David Greenwald is the founder, editor, and executive director of the Davis Vanguard. He founded the Vanguard in 2006. David Greenwald moved to Davis in 1996 to attend Graduate School at UC Davis in Political Science. He lives in South Davis with his wife Cecilia Escamilla Greenwald and three children.

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71 thoughts on “Analysis: It’s No Wonder Why People Are Confused…”

  1. D.D.

    This article gave me quite a chuckle.
    I’m no fan of the Enterprise.
    (Arrested? Page 3. Not guilty? Not newsworthy.)

    One of my DACHA co-members told me years ago about the Vanguard. I had not heard of it. After I logged on for the first time, I never paid for another Enterprise. If I wanted a copy of the Picnic Days schedule, there were free used copies in Cindy’s restaurant.

    Several of my friends in Davis also stopped buying the Enterprise when they discovered more truthful and in depth news provided by the Vanguard. Keep up the good work, David.

  2. Barack Palin

    You talk about half truths:

    David writes “Does Davis aspire to be more like Woodland or more like the rest of the state?”

    There are approx. 400 cities in our state that don’t have a plastic bag ban while approx. 100 do.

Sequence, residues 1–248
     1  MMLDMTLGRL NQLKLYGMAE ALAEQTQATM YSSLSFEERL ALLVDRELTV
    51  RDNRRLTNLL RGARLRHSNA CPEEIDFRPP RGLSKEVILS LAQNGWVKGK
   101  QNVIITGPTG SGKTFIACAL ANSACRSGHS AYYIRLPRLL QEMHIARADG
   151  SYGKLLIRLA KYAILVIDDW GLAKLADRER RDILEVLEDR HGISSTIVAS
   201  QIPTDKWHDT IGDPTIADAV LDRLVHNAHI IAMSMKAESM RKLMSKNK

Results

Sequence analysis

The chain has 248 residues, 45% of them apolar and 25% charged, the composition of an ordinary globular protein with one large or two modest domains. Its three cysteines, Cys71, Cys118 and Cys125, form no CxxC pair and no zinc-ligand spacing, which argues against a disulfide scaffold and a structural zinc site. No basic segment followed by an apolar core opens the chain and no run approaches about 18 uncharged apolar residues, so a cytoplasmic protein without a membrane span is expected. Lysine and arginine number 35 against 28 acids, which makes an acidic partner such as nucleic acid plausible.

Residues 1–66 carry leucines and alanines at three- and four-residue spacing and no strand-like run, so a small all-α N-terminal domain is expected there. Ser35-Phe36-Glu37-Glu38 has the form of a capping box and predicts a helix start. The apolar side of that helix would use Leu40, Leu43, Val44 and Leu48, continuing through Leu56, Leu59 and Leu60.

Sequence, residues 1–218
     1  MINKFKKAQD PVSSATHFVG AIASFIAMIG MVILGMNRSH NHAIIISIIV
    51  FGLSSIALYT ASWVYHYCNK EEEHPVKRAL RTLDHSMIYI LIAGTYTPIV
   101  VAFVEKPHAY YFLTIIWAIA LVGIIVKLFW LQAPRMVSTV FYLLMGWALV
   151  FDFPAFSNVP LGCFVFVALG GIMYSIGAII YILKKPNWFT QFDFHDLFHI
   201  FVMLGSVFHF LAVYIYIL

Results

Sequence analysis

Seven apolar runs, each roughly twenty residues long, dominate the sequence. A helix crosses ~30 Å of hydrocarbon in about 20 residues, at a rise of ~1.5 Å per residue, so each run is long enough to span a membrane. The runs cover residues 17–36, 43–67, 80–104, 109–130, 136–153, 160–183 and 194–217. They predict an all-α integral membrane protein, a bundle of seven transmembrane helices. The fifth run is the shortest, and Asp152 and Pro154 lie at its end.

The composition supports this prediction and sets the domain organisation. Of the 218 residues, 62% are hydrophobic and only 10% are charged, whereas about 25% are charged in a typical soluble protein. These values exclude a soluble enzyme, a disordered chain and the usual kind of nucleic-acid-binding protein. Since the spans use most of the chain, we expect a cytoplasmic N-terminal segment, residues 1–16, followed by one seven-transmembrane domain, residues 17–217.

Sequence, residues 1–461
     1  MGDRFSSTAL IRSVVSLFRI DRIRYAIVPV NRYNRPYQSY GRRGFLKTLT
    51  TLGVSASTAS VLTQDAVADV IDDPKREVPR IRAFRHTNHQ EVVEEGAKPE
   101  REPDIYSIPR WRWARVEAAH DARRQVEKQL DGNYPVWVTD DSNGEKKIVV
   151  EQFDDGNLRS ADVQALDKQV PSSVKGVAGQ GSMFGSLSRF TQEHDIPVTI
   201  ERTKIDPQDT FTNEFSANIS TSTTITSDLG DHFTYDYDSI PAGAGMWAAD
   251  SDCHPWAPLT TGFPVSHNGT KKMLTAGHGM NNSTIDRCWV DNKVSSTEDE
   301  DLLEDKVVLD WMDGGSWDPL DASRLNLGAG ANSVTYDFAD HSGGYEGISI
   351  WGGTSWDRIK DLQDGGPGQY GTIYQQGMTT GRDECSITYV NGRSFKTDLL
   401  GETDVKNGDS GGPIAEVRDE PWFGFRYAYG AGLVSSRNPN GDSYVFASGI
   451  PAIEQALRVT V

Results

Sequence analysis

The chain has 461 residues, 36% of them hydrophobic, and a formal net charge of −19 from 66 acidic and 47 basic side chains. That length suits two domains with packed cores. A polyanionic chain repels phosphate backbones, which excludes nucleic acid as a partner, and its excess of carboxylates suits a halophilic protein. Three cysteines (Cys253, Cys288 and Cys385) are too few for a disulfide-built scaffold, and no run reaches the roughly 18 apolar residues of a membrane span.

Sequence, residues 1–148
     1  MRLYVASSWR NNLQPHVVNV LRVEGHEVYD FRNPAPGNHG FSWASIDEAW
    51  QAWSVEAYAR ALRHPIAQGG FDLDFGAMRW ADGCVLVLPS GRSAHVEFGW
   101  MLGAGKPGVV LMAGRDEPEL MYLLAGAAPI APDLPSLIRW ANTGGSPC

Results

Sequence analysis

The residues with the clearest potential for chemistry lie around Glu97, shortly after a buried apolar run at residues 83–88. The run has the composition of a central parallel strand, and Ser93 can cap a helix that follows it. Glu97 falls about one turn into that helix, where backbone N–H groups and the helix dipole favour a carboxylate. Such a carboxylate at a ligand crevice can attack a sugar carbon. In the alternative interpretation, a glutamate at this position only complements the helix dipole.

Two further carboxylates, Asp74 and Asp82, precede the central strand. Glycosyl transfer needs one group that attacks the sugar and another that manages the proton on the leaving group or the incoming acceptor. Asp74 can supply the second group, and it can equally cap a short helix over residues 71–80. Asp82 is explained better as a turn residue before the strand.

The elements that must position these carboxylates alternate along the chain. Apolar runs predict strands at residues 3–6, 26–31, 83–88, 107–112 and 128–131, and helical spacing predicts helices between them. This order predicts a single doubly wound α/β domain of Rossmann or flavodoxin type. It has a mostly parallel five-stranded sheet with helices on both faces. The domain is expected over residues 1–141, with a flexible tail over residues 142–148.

David writes “So you can’t throw your bags into the wash with the rest of your clothes?”

    Reusable bags take up space in your washer just like socks, shirts and other articles do. That would be like saying someone’s shirts don’t use any water to wash because all you have to do is throw them in with the rest of the wash.

    1. David Greenwald Post author

      They take up space, but it’s not like you’re generally going to have to throw them in their own separate load, so the marginal additional water that they take up is minimal. When you don’t want a policy, it’s easy to find reasons to oppose it. This month I have managed to use three paper bags and save approximately 36 plastic bags.

      1. Barack Palin

        “When you don’t want a policy, it’s easy to find reasons to oppose it.”

        And when you want a policy it’s easy to find ways to defend it.

        1. David Greenwald Post author

          Unless you fill every load to the very top, you’re probably not going to use a lot more water throwing your grocery bags in the wash every few weeks.

          1. Matt Williams

            Filling wash loads to the top is very inefficient. The clothes don’t agitate through the water and as a result never get clean. You may save a little bit of water, but you will wear out your washing machine much sooner because it experiences so much more resistance from the clothes that don’t want to slide through the water. In the end the early replacement costs for your washer are just as much as the water costs that you avoided by doing fewer loads.